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[43] It was important to hold it in order to keep lines of communication between the northern and southern portions open. It was not doubted that when the Confederate authorities learned there was an army friendly to their cause struggling to hold Missouri, the Confederate forces along the southern border of the State would be massed and sent to their relief. The plan was to check the advance of the enemy at Booneville, and make a determined stand at Lexington. Gen. John B. Clark was ordered to rendezvous his men at Booneville, the other district commanders at some convenient point in their respective districts, and hold them ready for immediate service.

General Price caused the bridges over the Osage and Gasconade rivers, between St. Louis and Jefferson City, to be destroyed, and ordered General Parsons, who had a small force under his command, to retire along the Pacific railroad, west of Jefferson City, and delay the enemy if they attempted to advance on that line. General Price and the governor, with their staff officers, together with Captain Kelly's command, went to Booneville on a steamer. There General Clark had collected several hundred men, and others came in during the next two days, most of whom belonged to Marmaduke's regiment, which had been organized at Jefferson City, and had been sent to their homes when the Price-Harney agreement was made. Just at this time information of the death of Col. Edmunds B. Holloway, who had collected a considerable body of men in Jackson county, was received. A company of dragoons from Fort Leavenworth approached his camp at the crossing of the Little Blue, and a skirmish took place, in which Colonel Holloway and one of his men were killed and several others wounded. Colonel Holloway was an accomplished soldier, a graduate of West Point, and not long before had resigned his commission in the army. He was universally popular, and the State had great expectations of him and felt his loss deeply. The affair in which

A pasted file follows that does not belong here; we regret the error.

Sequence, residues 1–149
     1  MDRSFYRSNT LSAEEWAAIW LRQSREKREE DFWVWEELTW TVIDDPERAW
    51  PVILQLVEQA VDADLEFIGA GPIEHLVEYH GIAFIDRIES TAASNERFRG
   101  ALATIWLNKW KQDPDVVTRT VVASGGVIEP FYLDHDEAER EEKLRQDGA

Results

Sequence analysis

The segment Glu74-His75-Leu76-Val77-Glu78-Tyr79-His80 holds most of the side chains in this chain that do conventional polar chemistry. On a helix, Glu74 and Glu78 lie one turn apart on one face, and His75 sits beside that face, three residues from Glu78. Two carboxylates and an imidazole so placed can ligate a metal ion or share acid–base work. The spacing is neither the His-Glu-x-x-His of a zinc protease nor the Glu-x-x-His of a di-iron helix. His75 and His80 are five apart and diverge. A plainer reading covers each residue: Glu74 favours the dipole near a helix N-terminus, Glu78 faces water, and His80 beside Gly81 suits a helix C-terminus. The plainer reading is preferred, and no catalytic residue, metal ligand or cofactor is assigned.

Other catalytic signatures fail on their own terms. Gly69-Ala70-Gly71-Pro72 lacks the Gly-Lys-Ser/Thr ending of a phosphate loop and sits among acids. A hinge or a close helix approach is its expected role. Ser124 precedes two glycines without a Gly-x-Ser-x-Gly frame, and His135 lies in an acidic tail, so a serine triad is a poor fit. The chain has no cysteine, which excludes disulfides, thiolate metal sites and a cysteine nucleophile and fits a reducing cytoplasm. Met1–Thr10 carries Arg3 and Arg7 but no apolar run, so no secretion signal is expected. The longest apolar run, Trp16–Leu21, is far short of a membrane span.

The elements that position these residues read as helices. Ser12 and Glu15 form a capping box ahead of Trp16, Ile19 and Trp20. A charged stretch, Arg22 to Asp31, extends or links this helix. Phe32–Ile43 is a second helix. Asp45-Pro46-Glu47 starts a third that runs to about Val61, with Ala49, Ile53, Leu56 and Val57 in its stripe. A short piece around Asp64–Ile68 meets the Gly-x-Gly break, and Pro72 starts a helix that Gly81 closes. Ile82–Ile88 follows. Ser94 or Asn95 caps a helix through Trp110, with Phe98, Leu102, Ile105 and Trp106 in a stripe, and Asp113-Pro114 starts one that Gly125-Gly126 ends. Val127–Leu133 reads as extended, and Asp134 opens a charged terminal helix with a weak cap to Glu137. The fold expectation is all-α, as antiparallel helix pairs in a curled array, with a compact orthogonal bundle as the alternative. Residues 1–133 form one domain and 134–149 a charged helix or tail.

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Edmunds B. Holloway (3)
Sterling Price (2)
Monroe M. Parsons (1)
John S. Marmaduke (1)
Jo Kelly (1)
John Bulloch Clark (1)
John B. Clark (1)
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